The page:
IDEAS home Printed from
MyIDEAS: Login to save this paper or follow this series

Competition In Or For The Field: Which Is Better?

  • Eduardo Engel


  • Ronald Fischer


  • Alexander Galetovic


In many circumstances, a principal, who wants prices to be as low as possible, must contract with agents who would like to charge the monopoly price. This paper compares a Demsetz auction, which awards an exclusive contract to the agent bidding the lowest price (competition for the field) with having two agents provide the good under (imperfectly) competitive conditions (competition in the field). We obtain a simple sufficient condition showing unambiguously which option is best. The condition depends only on the shapes of the surplus function of the principal and the profit function of agents, and is independent of the particular duopoly game played ex post. We apply this condition to three canonical examples-procurement, royalty contracts and dealerships-and find that whenever marginal revenue for the final good is decreasing in the quantity sold, a Demsetz auction is best. Moreover, a planner who wants to maximize social surplus also prefers a Demsetz auction.

To our knowledge, this item is not available for download. To find whether it is available, there are three options:
1. Check below under "Related research" whether another version of this item is available online.
2. Check on the provider's web page whether it is in fact available.
3. Perform a search for a similarly titled item that would be available.

Paper provided by Centro de Economía Aplicada, Universidad de Chile in its series Documentos de Trabajo with number 115.

in new window

Date of creation: 2002
Date of revision:
Handle: RePEc:edj:ceauch:115
Contact details of provider: Web page:

More information through EDIRC

References listed on IDEAS
Please report citation or reference errors to , or , if you are the registered author of the cited work, log in to your RePEc Author Service profile, click on "citations" and make appropriate adjustments.:

as in new window
  1. Eduardo Engel & Ronald Fischer & Alexander Galetovic, 1998. "Least-Present-Value-of-Revenue Auctions and Highway Franchising," Documentos de Trabajo 37, Centro de Economía Aplicada, Universidad de Chile.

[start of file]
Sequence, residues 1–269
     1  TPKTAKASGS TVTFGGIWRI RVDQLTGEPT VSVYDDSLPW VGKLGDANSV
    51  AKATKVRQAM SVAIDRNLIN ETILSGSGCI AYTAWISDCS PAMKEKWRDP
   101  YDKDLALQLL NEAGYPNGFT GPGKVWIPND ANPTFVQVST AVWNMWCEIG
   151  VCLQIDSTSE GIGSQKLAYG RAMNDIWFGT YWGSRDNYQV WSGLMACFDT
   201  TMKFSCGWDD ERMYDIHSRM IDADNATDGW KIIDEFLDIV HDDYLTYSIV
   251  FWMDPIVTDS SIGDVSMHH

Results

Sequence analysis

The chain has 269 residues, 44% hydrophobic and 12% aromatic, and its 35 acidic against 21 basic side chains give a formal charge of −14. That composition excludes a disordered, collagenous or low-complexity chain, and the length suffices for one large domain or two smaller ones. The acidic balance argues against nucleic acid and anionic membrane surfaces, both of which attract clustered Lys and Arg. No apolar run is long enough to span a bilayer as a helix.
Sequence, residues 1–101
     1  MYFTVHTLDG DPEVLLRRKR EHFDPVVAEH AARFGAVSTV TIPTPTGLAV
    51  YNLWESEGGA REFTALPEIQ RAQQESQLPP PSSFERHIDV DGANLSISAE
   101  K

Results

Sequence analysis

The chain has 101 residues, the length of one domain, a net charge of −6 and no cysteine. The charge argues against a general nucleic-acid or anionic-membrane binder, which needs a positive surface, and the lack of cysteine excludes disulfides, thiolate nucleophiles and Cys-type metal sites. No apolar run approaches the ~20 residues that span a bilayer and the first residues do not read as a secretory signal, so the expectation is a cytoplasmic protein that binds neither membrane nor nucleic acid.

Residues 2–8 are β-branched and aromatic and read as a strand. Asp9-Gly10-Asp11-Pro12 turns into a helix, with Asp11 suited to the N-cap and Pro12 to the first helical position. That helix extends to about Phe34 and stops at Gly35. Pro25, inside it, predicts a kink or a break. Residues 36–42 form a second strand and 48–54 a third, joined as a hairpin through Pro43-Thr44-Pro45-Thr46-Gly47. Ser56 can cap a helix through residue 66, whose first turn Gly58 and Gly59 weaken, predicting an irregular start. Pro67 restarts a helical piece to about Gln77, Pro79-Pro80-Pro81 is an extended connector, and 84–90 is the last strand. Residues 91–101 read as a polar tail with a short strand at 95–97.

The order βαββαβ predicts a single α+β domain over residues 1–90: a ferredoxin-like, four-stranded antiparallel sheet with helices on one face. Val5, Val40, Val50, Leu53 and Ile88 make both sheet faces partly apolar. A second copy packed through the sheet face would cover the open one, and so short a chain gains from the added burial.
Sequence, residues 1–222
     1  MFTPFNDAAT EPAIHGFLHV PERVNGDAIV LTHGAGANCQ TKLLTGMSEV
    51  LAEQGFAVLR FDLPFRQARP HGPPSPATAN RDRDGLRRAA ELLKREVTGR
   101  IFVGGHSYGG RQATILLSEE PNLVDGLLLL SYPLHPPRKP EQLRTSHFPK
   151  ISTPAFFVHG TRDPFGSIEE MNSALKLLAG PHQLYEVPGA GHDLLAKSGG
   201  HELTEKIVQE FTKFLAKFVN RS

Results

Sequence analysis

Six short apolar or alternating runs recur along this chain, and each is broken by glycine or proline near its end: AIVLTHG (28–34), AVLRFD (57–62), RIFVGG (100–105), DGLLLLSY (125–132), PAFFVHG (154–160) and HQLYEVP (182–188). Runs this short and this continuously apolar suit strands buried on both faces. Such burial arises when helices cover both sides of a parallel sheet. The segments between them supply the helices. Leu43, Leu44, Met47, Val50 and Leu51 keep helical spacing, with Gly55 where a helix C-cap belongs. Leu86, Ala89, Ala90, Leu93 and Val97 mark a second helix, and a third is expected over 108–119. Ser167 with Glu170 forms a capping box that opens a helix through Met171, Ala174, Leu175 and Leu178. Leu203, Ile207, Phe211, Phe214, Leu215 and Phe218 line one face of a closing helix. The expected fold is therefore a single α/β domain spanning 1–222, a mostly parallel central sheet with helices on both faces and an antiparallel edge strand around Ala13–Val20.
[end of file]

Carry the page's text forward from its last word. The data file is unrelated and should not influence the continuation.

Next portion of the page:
2. Gallini, Nancy T, 1984. "Deterrence by Market Sharing: A Strategic Incentive for Licensing," American Economic Review, American Economic Association, vol. 74(5), pages 931-41, December.
  3. Eduardo Engel & Ronald Fischer & Alexander Galetovic, 2002. "How to Auction an Essential Facility When Underhand Integration is Possible," Working Papers 839, Economic Growth Center, Yale University.
  4. Riordan, Michael H & Sappington, David E M, 1987. "Awarding Monopoly Franchises," American Economic Review, American Economic Association, vol. 77(3), pages 375-87, June.
  5. Caillaud, Bernard & Tirole, Jean, 2004. "Essential facility financing and market structure," Journal of Public Economics, Elsevier, vol. 88(3-4), pages 667-694, March.
  6. Harstad, Ronald M & Crew, Michael A, 1999. "Franchise Bidding without Holdups: Utility Regulation with Efficient Pricing and Choice of Provider," Journal of Regulatory Economics, Springer, vol. 15(2), pages 141-63, March.
  7. Francine Lafontaine & Kathryn L. Shaw, 1999. "The Dynamics of Franchise Contracting: Evidence from Panel Data," Journal of Political Economy, University of Chicago Press, vol. 107(5), pages 1041-1080, October.
  8. Daniel F. Spulber, 1989. "Regulation and Markets," MIT Press Books, The MIT Press, edition 1, volume 1, number 0262192756, June.
Full references (including those not matched with items on IDEAS)

This item is not listed on Wikipedia, on a reading list or among the top items on IDEAS.

When requesting a correction, please mention this item's handle: RePEc:edj:ceauch:115. See general information about how to correct material in RePEc.

For technical questions regarding this item, or to correct its authors, title, abstract, bibliographic or download information, contact: ()

If you have authored this item and are not yet registered with RePEc, we encourage you to do it here. This allows to link your profile to this item. It also allows you to accept potential citations to this item that we are uncertain about.

If references are entirely missing, you can add them using this form.

If the full references list an item that is present in RePEc, but the system did not link to it, you can help with this form.

If you know of missing items citing this one, you can help us creating those links by adding the relevant references in the same way as above, for each refering item. If you are a registered author of this item, you may also want to check the "citations" tab in your profile, as there may be some citations waiting for confirmation.

Please note that corrections may take a couple of weeks to filter through the various RePEc services.

This information is provided to you by IDEAS at the Research Division of the Federal Reserve Bank of St. Louis using RePEc data.